Andrew Bocelli, 61, has led an extraordinary life, garnering critical praise over the years for his singing, songwriting and record producing talents. The musician’s achievements are made all the more spectacular in light of his inauspicious start in life. As a child Andrew was diagnosed with congenital glaucoma, a rare eye condition that occurs in very young children, caused by an abnormality of the eye.
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Glaucoma describes a number of common eye conditions where the optic nerve, which connects the eye to the brain, becomes damaged, explains the NHS.
The condition, which can lead to loss of vision if it’s not diagnosed and treated early, can affect people of all ages, but is most common in adults in their 70s and 80s.
Congenital glaucoma, Andrew’s specific type of glaucoma, is a rare condition that may be inherited, caused by incorrect development of the eye’s drainage system before birth, explains the Glaucoma Research Foundation.
“This leads to increased intraocular pressure, which in turn damages the optic nerve,” noted the health body.
Symptoms of childhood glaucoma include enlarged eyes, cloudiness of the cornea, and photosensitivity (sensitivity to light).
How is it treated?
“In an uncomplicated case, surgery can often correct such structural defects. Both medication and surgery are required in some cases,” explained the Glaucoma Research Foundation.
Medical treatments may involve the use of topical eye drops and oral medications and these treatments help to either increase the exit of fluid from the eye or decrease the production of fluid inside the eye, and each result in lower eye pressure, explains the health site.
Speaking to The Telegraph, Andrew explained that classical music provided him with some much needed respite when he was a child.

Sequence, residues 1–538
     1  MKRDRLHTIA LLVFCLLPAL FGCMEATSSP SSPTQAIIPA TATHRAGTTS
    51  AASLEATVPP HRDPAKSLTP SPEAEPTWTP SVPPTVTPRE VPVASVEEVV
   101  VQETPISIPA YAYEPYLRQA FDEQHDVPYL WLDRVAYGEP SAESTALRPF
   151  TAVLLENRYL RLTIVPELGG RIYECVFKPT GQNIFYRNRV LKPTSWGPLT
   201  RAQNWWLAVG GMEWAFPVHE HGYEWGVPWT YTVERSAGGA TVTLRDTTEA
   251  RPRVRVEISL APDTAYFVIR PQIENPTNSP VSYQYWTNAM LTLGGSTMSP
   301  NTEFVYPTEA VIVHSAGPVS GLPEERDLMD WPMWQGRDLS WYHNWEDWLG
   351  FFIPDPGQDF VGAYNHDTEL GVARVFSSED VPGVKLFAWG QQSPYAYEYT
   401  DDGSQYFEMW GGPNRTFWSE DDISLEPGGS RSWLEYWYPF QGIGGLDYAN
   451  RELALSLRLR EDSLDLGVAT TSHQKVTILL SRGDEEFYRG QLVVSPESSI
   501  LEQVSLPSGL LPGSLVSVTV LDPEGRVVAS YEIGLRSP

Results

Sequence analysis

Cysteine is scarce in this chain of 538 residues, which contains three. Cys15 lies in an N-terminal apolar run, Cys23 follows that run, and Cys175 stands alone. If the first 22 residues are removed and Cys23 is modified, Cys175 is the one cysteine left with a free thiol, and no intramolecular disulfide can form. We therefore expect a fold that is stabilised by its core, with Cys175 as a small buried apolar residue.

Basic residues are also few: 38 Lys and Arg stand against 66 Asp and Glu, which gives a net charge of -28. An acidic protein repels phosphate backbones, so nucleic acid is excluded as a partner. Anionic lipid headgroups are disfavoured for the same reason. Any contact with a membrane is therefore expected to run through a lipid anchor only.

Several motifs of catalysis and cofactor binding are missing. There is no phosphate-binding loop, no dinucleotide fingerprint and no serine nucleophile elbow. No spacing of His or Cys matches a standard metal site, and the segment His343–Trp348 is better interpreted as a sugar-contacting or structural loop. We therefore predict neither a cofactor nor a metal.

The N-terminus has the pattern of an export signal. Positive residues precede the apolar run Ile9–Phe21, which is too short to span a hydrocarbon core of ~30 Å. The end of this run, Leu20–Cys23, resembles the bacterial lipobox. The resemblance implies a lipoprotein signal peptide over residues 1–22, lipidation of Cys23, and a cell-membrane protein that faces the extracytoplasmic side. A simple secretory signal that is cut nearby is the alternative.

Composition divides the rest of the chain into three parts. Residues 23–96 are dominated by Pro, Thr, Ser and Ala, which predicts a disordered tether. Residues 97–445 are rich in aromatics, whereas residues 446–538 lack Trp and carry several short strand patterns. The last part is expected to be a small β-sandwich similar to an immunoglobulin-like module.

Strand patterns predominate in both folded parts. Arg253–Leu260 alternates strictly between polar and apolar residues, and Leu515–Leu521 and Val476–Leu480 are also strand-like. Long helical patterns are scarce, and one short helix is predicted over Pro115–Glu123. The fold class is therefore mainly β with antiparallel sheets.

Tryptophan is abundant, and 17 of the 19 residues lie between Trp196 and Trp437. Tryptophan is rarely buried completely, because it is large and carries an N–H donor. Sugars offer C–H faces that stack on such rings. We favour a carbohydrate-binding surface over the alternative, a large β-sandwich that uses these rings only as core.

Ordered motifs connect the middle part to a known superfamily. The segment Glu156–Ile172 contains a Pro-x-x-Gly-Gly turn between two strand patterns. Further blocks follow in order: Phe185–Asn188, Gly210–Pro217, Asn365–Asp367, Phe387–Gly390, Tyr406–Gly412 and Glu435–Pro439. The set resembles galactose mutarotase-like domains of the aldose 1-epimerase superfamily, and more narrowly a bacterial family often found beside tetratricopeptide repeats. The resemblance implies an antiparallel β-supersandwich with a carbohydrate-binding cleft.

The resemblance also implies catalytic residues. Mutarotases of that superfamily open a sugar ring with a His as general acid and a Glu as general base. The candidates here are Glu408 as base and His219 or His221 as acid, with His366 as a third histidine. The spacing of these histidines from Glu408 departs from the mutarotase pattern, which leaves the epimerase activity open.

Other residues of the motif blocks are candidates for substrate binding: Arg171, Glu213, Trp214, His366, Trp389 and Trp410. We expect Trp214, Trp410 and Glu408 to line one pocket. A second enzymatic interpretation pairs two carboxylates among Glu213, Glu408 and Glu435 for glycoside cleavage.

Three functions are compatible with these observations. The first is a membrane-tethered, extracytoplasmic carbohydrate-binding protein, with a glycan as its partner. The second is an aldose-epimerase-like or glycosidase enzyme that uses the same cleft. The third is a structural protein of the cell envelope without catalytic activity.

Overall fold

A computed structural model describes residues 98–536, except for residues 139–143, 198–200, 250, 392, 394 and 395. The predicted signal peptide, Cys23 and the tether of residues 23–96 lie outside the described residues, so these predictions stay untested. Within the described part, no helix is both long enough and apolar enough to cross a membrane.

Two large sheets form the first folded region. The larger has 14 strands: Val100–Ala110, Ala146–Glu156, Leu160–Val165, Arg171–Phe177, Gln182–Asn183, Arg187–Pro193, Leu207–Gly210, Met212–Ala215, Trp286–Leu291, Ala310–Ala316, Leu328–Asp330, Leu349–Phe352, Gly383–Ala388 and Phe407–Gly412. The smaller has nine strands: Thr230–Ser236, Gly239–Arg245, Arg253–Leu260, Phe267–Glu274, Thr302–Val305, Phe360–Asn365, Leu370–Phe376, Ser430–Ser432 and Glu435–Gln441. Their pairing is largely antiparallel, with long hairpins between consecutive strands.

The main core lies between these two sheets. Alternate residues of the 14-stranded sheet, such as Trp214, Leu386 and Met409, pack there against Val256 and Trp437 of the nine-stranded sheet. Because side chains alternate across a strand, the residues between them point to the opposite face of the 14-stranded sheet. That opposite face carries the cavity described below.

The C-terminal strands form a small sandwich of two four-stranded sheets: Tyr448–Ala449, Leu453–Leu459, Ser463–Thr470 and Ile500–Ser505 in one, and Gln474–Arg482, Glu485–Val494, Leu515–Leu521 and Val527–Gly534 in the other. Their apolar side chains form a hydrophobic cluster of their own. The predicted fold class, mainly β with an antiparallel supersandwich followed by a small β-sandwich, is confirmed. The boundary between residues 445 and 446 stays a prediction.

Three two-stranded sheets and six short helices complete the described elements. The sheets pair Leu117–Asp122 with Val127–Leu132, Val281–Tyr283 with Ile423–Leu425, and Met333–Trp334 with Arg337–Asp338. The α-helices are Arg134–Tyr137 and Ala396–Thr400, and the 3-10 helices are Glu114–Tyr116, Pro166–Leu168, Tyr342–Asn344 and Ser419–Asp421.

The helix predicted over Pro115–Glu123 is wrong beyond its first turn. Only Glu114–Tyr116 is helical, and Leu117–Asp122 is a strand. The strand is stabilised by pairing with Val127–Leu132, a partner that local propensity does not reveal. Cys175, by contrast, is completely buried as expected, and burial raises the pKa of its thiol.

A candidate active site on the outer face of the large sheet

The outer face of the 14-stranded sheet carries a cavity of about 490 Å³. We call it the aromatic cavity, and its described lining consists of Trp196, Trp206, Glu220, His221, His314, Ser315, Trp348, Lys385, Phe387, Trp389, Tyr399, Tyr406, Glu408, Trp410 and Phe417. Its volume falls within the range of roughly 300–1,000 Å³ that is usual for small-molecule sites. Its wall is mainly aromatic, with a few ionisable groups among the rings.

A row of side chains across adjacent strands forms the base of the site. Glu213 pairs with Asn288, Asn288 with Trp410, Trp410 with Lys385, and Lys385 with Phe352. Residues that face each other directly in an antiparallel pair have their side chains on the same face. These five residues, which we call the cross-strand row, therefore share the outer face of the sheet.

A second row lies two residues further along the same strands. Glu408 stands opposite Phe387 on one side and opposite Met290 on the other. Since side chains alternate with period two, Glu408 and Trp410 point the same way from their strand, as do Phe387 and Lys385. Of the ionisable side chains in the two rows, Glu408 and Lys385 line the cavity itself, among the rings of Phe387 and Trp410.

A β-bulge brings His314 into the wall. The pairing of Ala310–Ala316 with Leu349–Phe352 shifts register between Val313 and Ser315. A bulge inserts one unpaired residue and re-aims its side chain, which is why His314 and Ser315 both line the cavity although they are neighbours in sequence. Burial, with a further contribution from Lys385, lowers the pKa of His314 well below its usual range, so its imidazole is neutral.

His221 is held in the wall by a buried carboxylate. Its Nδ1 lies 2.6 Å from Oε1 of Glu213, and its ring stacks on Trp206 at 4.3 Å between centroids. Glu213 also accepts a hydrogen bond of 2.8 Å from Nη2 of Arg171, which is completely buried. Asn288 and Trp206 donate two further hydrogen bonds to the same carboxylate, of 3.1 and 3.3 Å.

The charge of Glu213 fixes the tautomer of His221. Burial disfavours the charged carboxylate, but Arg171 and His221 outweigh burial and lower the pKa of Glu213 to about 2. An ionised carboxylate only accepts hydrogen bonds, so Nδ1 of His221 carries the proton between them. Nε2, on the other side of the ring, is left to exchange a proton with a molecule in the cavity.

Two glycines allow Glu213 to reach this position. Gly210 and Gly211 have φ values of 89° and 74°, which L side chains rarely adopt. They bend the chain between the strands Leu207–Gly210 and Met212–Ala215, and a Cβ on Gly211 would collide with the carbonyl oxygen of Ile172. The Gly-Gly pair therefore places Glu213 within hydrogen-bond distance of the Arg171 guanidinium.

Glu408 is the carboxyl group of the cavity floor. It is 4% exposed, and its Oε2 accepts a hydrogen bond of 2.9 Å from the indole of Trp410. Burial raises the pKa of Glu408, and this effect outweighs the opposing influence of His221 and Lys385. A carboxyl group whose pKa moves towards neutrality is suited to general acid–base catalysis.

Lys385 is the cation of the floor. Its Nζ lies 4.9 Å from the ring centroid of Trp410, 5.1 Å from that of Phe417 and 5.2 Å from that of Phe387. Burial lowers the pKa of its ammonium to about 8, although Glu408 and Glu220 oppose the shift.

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He said: “When I was five my mother discovered that the only way to comfort me with my glaucoma, was to play classical music on the record player.”
Unfortunately, Andrew, who was already grappling with his glaucoma, lost his sight completely due to a sporting injury.
He said: “As a child I was very lively and uncontrollable, I loved playing football and one day during a match, I was hit violently in the face with a ball on my right eye, the only one which I could see light and colour with.
“The doctors tried to cure me with various operations and they even used leeches but there was nothing that could be done.”
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The life-changing accident did not stand in his way of success however, on the contrary, Andrew cultivated his love of music – a pursuit that would see him go on to earn achieve global success.
How to spot glaucoma
As the NHS explains, glaucoma does not usually cause any symptoms to begin with and
it tends to develop slowly over many years and affects the edges of your vision (peripheral vision) first.
For this reason, many people do not realise they have glaucoma, and it’s often only picked up during a routine eye test.
If you do notice any symptoms, they might include blurred vision, or seeing rainbow-coloured circles around bright lights, and both eyes are usually affected, although it may be worse in one eye, says the health site.
Very occasionally, glaucoma can develop suddenly and cause:
- Intense eye pain
- Nausea and vomiting
- A red eye
- A headache
- Tenderness around the eyes
- Seeing rings around lights
- Blurred vision
When to seek medical advice
Visit an optician or a GP if you have any concerns about your vision because if you have glaucoma, early diagnosis and treatment can help stop your vision getting worse, notes the NHS.
As the health body warns, without treatment, glaucoma can eventually lead to blindness.
If you develop symptoms of glaucoma suddenly, go to your nearest eye casualty unit or A&E as soon as possible.
“This is a medical emergency that may require immediate treatment,” cautioned the NHS.
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